Pop culture obsessives writing for the pop culture obsessed.
Pop culture obsessives writing for the pop culture obsessed.

New York is trying to shut down that fake heiress' sweet Netflix deal

Illustration for article titled New York is trying to shut down that fake heiress sweet Netflix deal
Photo: TIMOTHY A. CLARY (AFP/Getty Images)

Last summer, we reported that Shonda Rhimes’ first Netflix project since taking her Shondaland production company to the streaming service would be an adaptation of a New York Magazine story about a woman named Anna Sorokin who managed to convince New York’s richest dummies that she was a wealthy heiress from Europe who had loads of cash back home but just needed a couple bucks here and there until she could access her fortune. In practice, that meant running a complicated grift for years and years that involved scamming money out of various banks and hotels in the city to keep everyone from realizing she wasn’t who she said she was. Naturally, she eventually got caught, leading to Shonda Rhimes getting the rights to her story and putting together this Netflix show.


However, New York City has what it calls the “Son Of Sam Law,” which prevents convicted criminals from profiting off of their crimes—by, say, making a big Netflix deal with the superstar producer behind Grey’s Anatomy—and the state is now trying to convince a judge that any profits Sorokin may receive from the Netflix project should go to her victims. This comes from the New York Post, which says that Sorokin signed the deal while she was waiting for her trial on Rikers Island and that her first $30,000 check from the Netflix project went to cover part of her legal fees. Apparently, she was set to make another $70,000 last month from Netflix, but that payment has been delayed due to this new suit. The Post also says Netflix agreed to pay her a $7,000 royalty and a $15,000 consulting fee “for each episode,” which is so much fucking money.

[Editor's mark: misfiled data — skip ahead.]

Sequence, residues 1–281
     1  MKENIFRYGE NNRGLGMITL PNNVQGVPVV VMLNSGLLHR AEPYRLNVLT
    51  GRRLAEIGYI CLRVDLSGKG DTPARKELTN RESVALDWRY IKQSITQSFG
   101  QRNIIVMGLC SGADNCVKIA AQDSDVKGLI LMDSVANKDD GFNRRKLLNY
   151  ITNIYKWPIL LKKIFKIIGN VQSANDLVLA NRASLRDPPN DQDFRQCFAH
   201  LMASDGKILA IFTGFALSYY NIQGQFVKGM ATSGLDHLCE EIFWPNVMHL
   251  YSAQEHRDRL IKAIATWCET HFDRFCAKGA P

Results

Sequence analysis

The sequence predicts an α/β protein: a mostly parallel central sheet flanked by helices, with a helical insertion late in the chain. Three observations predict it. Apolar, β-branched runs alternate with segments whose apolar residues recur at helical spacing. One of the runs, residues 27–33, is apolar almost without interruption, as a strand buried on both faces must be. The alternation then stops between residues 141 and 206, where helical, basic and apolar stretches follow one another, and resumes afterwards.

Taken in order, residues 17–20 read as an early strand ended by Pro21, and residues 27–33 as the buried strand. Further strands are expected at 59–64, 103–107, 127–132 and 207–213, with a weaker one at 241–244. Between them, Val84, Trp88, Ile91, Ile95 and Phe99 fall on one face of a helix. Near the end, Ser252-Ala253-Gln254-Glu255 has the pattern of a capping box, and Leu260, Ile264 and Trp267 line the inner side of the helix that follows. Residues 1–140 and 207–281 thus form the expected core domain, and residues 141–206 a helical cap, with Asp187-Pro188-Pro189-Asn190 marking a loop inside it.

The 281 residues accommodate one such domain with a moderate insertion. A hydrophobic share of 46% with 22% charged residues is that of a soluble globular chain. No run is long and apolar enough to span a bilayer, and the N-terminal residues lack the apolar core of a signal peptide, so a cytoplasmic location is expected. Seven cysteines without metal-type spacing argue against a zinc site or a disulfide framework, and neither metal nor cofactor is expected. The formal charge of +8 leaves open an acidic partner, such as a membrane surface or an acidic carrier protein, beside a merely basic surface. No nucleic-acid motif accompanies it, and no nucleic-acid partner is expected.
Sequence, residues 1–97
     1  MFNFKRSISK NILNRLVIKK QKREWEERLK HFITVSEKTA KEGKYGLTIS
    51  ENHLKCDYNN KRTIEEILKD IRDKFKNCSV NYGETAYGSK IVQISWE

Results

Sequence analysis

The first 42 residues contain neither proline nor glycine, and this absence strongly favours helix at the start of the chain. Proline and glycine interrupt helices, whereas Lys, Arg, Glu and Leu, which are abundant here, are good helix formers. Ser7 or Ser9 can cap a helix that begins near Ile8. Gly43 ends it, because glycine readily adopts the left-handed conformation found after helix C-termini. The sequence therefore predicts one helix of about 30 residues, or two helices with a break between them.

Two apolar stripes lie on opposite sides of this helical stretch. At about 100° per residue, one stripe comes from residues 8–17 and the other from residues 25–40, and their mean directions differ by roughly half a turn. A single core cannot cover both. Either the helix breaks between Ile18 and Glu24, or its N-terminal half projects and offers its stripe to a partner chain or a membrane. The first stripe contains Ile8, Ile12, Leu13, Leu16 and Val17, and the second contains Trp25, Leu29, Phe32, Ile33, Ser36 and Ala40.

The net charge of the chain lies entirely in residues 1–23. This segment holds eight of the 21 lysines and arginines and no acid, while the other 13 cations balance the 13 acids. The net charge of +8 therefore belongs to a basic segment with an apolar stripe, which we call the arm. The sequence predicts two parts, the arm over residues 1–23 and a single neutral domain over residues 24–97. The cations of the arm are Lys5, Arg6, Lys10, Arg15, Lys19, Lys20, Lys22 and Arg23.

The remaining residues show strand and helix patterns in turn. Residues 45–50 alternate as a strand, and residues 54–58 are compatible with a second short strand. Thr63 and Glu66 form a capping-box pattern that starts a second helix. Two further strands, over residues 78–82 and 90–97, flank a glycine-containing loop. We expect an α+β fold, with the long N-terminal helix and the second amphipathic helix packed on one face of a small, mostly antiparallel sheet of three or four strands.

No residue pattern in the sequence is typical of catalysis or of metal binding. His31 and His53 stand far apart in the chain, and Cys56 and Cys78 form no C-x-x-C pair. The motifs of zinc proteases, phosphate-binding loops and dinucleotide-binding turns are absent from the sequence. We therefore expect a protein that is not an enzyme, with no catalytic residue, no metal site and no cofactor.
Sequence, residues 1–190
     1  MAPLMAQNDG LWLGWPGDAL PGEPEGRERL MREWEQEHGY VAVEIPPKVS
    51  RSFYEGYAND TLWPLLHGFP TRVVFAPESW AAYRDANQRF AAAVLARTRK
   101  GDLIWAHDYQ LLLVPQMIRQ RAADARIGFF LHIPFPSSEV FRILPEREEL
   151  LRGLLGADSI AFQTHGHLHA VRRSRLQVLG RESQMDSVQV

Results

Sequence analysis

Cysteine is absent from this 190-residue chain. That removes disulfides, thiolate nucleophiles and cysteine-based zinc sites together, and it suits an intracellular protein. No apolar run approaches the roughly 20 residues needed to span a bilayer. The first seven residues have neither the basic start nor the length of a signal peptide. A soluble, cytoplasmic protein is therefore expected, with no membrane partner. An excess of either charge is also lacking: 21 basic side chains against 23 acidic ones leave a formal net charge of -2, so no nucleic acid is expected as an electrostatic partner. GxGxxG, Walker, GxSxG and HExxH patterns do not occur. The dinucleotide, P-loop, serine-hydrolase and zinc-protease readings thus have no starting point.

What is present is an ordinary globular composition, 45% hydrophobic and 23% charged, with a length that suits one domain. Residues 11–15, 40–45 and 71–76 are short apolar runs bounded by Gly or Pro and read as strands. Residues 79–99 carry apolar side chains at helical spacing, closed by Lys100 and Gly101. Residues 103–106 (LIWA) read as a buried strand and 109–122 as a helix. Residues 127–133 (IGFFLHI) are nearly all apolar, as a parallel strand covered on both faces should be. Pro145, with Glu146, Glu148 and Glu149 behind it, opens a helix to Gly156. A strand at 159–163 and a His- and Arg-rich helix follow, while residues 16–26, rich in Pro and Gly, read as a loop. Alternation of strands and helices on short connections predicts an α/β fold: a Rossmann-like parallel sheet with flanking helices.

Part of Sorokin’s story also involved duping former Vanity Fair photo editor Rachel Williams into paying for a $70,000 trip to Morocco, with the Post noting that Williams sold her side of that story to HBO and Simon & Schuster for $600,000. Obviously, the lesson here is that every single one of us—no matter who we are or what we do—is in the wrong line of work. Getting paid for doing a job is for suckers, and the real money is in scamming people and/or getting scammed by people. On an unrelated note, if you’ve got any info on tickets to Fyre Fest 2, please let us know in the comments. We hear this one’s going to be really sick.

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